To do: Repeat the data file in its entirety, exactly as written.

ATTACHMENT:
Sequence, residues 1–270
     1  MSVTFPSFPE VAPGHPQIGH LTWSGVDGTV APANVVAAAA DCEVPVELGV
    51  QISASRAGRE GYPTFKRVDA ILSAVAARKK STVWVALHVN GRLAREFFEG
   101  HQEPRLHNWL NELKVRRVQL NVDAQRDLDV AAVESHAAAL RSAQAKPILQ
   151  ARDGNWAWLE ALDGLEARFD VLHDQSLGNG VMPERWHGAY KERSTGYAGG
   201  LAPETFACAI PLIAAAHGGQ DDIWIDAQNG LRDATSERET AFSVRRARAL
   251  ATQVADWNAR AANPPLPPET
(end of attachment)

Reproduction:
Sequence, residues 1–270
     1  MSVTFPSFPE VAPGHPQIGH LTWSGVDGTV APANVVAAAA DCEVPVELGV
    51  QISASRAGRE GYPTFKRVDA ILSAVAARKK STVWVALHVN GRLAREFFEG
   101  HQEPRLHNWL NELKVRRVQL NVDAQRDLDV AAVESHAAAL RSAQAKPILQ
   151  ARDGNWAWLE ALDGLEARFD VLHDQSLGNG VMPERWHGAY KERSTGYAGG
   201  LAPETFACAI PLIAAAHGGQ DDIWIDAQNG LRDATSERET AFSVRRARAL
   251  ATQVADWNAR AANPPLPPET